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Argentina's high criminal court finds Hezbollah, Iran responsible for Jewish center bombing

Argentina’s Court of Cassation said the notorious 1994 attack, which killed 85 and injured 300 others, was revenge for the South American country’s withdrawal from a potential nuclear partnership with Iran during the 1980s

Located in Buenos Aires, the imposing Palace of Justice symbolizes the rule of law
Located in Buenos Aires, the imposing Palace of Justice symbolizes the rule of law | Shutterstock

April 17, 2024 8:55am

Updated: April 17, 2024 9:20am

Three decades after the shocking 1994 bombing of a Jewish community center in Buenos Aires, Argentina’s highest criminal court has found Iran responsible, according to a ruling obtained by The Associated Press. 

The act of terror, which the court called a “crime against humanity” rocked the entire Latin American region for several years, killed 85 and injured 300 others.

The decision came last week after Argentina’s Court of Cassation made a judicial determination that Iran planned the attack as part of a “political and strategic design,” and its terrorist proxy group, Hezbollah, executed those plans on site against the Argentine Jewish Mutual Aid Association community center in Buenos Aires.

The court determined that Tehran’s motive was centered around getting revenge against Buenos Aires for the South American country’s withdrawal from a potential nuclear partnership with Iran.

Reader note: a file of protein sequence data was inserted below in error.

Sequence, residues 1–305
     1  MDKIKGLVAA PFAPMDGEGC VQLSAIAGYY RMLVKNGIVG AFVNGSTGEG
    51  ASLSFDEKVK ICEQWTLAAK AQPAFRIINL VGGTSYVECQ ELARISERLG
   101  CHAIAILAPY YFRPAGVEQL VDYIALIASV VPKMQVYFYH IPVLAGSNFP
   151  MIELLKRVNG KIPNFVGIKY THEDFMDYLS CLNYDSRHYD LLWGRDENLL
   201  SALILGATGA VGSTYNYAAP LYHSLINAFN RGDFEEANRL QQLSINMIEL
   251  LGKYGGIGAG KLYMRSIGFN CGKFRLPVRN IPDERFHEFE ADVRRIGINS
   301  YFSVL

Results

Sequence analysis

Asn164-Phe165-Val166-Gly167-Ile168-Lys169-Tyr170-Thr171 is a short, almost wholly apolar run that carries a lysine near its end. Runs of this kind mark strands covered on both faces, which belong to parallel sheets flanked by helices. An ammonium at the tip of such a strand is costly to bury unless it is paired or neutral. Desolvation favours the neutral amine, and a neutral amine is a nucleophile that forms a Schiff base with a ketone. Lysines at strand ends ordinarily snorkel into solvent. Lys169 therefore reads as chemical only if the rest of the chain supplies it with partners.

The ruling will enable the families of victims to finally file lawsuits against Iranian government and place more international pressure on Tehran to finally turn over individuals who were convicted in Argentina for participating in the terrorist act.

Efforts to extradite those convicted of the crime have so far been unsuccessful despite warrants being produced by the international law enforcement agency, Interpol.  

“The significance of these grave human rights violations for the international community as a whole invokes a state’s duty to provide judicial protection,” the ruling reads.

While the court decision is a significant milestone is advancing the narrative and victims’ families journey in the civil legal process, Argentina has always asserted that the Islamic Republic masterminded the terror attack. Shortly after the 1994 bombing, relations between the two countries took a turn for the worse.

For its part, Tehran has always denied the charges that its government was involved.

Basing its findings on intelligence reports, the Court of Cassation identified high ranking Iranian officials and Revolutionary Guard officers, determining that Tehran ordered the attack after Buenos Aires abandoned three contracts that would have given the Islamic Republic nuclear technology as early as the 1980s.

The three decade long investigation has resulted in charges against both Iranian officials and also two past Argentinian presidents for purportedly covering up Iran’s involvement.

In 2018, former President Christina Fernandez and 11 administration officials faced prosecutorial allegations of abuse of power that they helped conceal Iran’s involvement as a means of continuing to purchase Iranian oil at favorable prices.

Fernandez, who served as the South American country’s president from 2007 to 2015 was charged, but the government was unable to arrest her since because as a sitting senator, she had legislative immunity from prosecution.